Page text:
September 19, 2016 Practice Points

FDA Issues Revised Draft Guidance for New Dietary Ingredients

By Daniel J. Gerber

On August 12, 2016, the United States Food and Drug Administration (FDA) issued a draft guidance for the dietary supplement industry. 61 Fed. Reg. 53486 (Aug. 12, 2016). The draft guidance follows five years of uncertainty about critical questions facing the dietary supplement industry regarding New Dietary Ingredients (NDI). The draft guidance is intended to clarify issues for the benefit of industry and regulators. Counsel in both the regulatory and litigation fields should pay close attention to the development of this and other guidance provided by FDA.

As part of the Dietary Supplement Health and Education Act (DSHEA), Congress required dietary supplement manufacturers to notify FDA before introducing an NDI into the marketplace. 21 U.S.C. 350b. In 2011, seventeen years after DSHEA’s mandate, FDA issued its original NDI guidance. Over the next five years, FDA recognized that “the 2011 draft guidance contained gaps and unclear statements that were subject to confusion and misinterpretation.” 61 Fed. Reg. at 53487. Because of that confusion, the draft guidance, comments, and ultimate final guidance, likely due in early 2017, are intended to “clarify and better explain” FDA’s position on important issues. Id.

The draft guidance offers FDA’s current thoughts and invites comment on important issues, including: 

• What constitutes “chemical alteration” of a food ingredient already present in the food supply?

• What defines a food ingredient already in the food supply?

• How do manufacturing changes to a food ingredient lead to the creation of a reportable NDI?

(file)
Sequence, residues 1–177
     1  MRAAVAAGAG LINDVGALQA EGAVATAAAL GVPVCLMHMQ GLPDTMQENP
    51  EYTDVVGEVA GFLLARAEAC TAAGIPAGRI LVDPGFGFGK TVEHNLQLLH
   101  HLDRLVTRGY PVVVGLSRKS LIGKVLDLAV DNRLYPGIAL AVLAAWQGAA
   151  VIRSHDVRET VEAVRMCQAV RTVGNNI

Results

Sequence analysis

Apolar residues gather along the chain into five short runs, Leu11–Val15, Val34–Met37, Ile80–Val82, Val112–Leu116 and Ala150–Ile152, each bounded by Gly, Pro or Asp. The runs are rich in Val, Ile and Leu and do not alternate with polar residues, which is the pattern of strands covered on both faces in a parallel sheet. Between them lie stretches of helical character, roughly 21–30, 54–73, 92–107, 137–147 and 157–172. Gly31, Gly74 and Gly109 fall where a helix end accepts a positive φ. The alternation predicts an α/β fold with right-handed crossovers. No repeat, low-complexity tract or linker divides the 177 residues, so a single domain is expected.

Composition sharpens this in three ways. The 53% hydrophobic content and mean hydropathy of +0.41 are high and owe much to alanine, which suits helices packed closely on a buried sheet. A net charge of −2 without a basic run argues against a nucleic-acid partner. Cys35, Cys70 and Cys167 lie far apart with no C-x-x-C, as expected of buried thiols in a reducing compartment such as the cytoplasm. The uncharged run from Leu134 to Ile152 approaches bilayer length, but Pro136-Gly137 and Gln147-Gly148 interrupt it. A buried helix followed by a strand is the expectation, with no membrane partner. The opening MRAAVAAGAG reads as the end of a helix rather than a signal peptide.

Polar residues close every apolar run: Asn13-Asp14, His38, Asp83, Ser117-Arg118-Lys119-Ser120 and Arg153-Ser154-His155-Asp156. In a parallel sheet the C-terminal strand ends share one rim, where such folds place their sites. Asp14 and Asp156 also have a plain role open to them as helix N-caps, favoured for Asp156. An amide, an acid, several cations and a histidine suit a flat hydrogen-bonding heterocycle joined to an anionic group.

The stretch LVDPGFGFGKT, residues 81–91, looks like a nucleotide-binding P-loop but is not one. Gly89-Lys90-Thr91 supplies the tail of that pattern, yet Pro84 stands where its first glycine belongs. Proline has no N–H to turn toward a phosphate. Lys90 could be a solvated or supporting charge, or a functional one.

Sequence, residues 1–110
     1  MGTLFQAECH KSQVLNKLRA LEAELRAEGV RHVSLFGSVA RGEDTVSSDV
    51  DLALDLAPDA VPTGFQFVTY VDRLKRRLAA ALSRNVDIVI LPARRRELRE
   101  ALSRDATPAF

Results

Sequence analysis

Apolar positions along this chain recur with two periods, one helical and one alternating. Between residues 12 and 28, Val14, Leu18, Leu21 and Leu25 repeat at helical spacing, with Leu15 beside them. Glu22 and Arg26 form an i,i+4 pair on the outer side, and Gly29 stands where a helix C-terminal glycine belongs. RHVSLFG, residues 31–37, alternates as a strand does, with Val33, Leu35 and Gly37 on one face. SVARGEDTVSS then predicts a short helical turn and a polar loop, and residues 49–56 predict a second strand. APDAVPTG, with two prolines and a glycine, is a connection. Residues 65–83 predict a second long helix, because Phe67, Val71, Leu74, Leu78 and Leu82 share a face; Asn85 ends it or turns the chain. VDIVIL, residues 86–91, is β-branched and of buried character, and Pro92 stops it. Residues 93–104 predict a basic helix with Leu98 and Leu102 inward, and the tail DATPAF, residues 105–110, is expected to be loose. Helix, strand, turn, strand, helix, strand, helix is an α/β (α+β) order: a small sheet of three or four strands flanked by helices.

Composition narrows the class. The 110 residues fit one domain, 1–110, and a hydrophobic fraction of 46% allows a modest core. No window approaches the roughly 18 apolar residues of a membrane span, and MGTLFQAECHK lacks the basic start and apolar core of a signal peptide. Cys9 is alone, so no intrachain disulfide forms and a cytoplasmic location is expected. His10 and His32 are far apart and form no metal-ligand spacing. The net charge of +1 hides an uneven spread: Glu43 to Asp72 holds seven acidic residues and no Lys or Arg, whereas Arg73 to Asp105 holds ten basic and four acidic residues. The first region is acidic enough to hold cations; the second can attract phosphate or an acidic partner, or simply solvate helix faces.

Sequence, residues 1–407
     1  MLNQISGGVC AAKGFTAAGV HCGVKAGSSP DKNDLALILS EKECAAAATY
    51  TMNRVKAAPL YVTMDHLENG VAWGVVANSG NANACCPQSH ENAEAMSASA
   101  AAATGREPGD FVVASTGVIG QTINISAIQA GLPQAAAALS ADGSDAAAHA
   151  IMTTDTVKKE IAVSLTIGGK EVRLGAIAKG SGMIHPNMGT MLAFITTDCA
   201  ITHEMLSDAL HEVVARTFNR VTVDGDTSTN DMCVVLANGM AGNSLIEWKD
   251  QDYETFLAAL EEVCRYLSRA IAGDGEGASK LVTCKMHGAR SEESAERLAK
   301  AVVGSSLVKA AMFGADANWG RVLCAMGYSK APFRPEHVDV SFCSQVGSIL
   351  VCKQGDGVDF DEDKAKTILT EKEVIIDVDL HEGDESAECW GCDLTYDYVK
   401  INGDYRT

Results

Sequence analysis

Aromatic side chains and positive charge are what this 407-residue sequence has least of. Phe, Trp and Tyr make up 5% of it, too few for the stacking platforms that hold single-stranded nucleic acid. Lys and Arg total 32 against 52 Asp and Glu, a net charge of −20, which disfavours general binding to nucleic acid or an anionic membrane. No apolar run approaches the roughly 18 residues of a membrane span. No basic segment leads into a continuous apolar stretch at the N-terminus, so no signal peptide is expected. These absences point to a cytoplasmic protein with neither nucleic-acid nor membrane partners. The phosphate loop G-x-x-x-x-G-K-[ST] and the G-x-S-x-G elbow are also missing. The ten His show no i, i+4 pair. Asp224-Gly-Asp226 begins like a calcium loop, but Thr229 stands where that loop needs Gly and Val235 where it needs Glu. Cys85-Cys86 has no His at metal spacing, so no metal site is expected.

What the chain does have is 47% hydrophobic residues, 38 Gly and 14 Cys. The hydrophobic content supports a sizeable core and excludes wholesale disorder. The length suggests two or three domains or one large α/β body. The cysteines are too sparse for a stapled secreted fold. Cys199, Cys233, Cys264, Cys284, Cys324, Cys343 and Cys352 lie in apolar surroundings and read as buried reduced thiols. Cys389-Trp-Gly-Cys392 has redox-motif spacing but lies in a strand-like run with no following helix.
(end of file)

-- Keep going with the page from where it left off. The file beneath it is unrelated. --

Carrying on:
• Whether and under what method should FDA develop a list of “grandfathered” dietary ingredients that do not require NDI notice?

• Are there ways to create more efficient NDI filing procedures?

Comments on the issues addressed by the draft guidance are due to FDA by October 11, 2016. The FDA docket, though, includes many requests for 90-day extensions of time to file comments. Any person or entity interested in filing comments should access the draft guidance.

FDA issues draft guidance documents regularly. While some of FDA’s guidance is technical, often FDA’s guidance applies to legal issues that may be important to regulatory attorneys and litigators alike. Current guidance under consideration involves labeling of various foods, including guidance on the use of the term “evaporated cane juice,” labeling of vending machine products, menu labeling, and infant formula disclosures. A current list of guidance drafts is also available.

Litigators should be familiar with FDA guidance. FDA guidance is a useful tool for expert witness reports, cross-examination and motion practice. The First Circuit Court of Appeals referenced the “Substantiation for Dietary Supplement Claims Made Under Section 403(r)(6) of the Federal Food, Drug, and Cosmetic Act” guidance in Kaufman v. CVS Caremark Corp., No. 16-1199, 2016 WL 4608131, at *4 (1st Cir. Sept. 6, 2016) (citing the guidance for the definition of the term “substantiation”). In Merck Eprova AG, v. Brookstone Pharmaceuticals, LLC, 920 F.Supp.2d 404 (S.D.N.Y. 2013), Judge Sullivan issued an order following a bench trial in a Lanham Act case. The court cited violation of the FDA dietary supplement ingredient guidance as evidence of willfulness and bad faith. Id. at 433.

Judge Curiel cited the NDI guidance in a summary judgment order in a case involving breach of contract and breach of warranty between two business partners in Imagenetix, Inc. v. Frutarom USA, Inc., Case No. 12CV2823-GPC(WMC), 2013 WL 6419674, at *5 (S.D. Cal. Dec. 9, 2013). Fundamental to deciding part of the case was whether Frutarom’s product should have been classified as a drug, grandfathered dietary ingredient, or a new dietary ingredient. The court cited the NDI guidance in granting partial summary judgment under the primary jurisdiction doctrine. Id. at *6. In similar contexts relating to primary jurisdiction, the FDA’s “evaporated cane juice” guidance has been cited by several courts during 2016. See, e.g., George v. Blue Diamond Growers, No. 4:15-CV-962 (CEJ), 2016 WL 1464644, at *3 (E.D. Mo. Apr. 14, 2016) (granting defendant’s motion to dismiss pursuant to primary jurisdiction).

FDA guidance is widespread and persuasive on many issues. The FDA guidance docket should be reviewed by counsel facing any regulatory or litigation issue that may be addressed by FDA.

Daniel J. Gerber is a partner at Rumberger Kirk & Caldwell in Orlando, Florida.

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